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In September of 2021, approximately 200 people showed up at 10 AM at the Penticton Peach for an impromptu “Walk for the Children” to commemorate Canada’s first-ever National Day of Truth and Reconciliation.
Last year, noticeably more than that showed up at the Peach for the 2022 iteration of the walk, organized by the Okanagan Nation Alliance.
Will the numbers grow again for the 2023 Walk? We’ll know tomorrow, Sept. 30th, when it kicks off at 10 AM.
But one thing is certain. This year the start line has moved.
In 2023, the Walk for the Children won’t go anywhere near the Peach. Instead, it’ll start a couple kilometers south in the parking lot of the Penticton Safeway.
And for good reason. The Walk, as always, will end at the poignant Syilx Indian Residential School Monument near the Penticton Hatchery on En'owkin Trail on the PIB reservation. And the distance from the Peach to that end point is five kilometers -- a bit much for many of the past participants. So it's been shortened.
“It’s because the elders who walked last year have requested a bit of a shorter walk,” said ONA communications lead Tara Montgomery. “They want to do the entire walk but are unable to do the five kilometers. So it was a bit of a compromise so they can participate the whole way.”
There’ll be lunch too. It’ll be a meal of beef noodle vegetable soup and fried bread, cooked up by the PIB’s Connor Baptiste, sponsored by Okanagan Nation Transition Emergency House and served at the finish line.
There’ll be enough for 200 people, though priority, understandably, will be given to residential school survivors, Syilx elders and ONA members.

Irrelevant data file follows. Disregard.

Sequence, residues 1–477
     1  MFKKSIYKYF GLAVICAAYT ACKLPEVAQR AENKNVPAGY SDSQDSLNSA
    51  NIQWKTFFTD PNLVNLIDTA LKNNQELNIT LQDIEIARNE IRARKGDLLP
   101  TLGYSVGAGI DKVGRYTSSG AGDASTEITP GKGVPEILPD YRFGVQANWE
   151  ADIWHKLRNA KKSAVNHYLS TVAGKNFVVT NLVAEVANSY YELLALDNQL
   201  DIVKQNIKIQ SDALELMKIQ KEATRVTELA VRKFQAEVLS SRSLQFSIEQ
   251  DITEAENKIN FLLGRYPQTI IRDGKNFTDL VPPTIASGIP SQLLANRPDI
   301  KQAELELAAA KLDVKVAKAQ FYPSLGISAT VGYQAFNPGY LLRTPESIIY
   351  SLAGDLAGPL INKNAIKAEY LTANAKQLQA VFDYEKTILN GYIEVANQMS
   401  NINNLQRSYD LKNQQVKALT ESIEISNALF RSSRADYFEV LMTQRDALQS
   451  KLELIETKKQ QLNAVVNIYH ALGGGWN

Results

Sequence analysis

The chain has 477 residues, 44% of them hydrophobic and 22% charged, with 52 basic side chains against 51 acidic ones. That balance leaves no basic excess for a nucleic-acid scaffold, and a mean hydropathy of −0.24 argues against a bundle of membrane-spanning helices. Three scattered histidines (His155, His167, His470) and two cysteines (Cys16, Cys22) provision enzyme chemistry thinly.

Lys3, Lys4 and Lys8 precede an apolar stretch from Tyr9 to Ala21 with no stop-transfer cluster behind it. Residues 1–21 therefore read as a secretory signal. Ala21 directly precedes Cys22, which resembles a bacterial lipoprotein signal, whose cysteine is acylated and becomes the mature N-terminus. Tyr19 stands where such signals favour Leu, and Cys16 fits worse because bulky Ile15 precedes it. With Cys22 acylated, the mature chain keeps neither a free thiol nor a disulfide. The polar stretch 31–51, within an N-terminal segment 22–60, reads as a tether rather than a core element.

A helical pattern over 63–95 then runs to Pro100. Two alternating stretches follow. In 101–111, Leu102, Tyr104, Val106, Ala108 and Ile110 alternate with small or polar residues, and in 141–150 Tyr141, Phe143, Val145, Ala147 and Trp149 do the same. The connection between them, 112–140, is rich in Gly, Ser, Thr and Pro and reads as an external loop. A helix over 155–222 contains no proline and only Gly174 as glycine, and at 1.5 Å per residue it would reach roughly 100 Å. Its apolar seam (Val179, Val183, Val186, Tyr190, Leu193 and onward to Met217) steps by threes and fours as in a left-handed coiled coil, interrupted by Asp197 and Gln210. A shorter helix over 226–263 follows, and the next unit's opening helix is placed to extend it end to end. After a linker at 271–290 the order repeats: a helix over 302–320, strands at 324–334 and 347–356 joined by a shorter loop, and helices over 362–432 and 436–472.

Potential participants are encouraged to wear orange shirts, though it’s not mandatory.
But the Walk for the Children isn’t the only National Day of Truth and Reconciliation event scheduled for Penticton. Also on the menu are two special showings of the acclaimed 2022 Canadian-made film Bones of Crows.
The movie, a psychological thriller written, produced and directed by Canadian Metis Marie Clements, tells the life story of Cree matriarch Aline Spears, highlighting her experiences at residential school and the lasting impact those experiences had on her and her family.
Several members of the Penticton Indian Band are featured in Bones of Crows, including Summer Testawich, who plays a young Aline.
Admission is free to both showings, at 3 PM and 6 PM at Cleland Theatre at 325 Power St.
Refreshments will be provided by Okanagan Nation Transition Emergency House. Seating will be on a first-come, first-served basis.
The showings are a joint effort between the Penticton Indian Band, the Ooknakane Friendship Centre, the South Okanagan Similkameen Metis Association and the City of Penticton.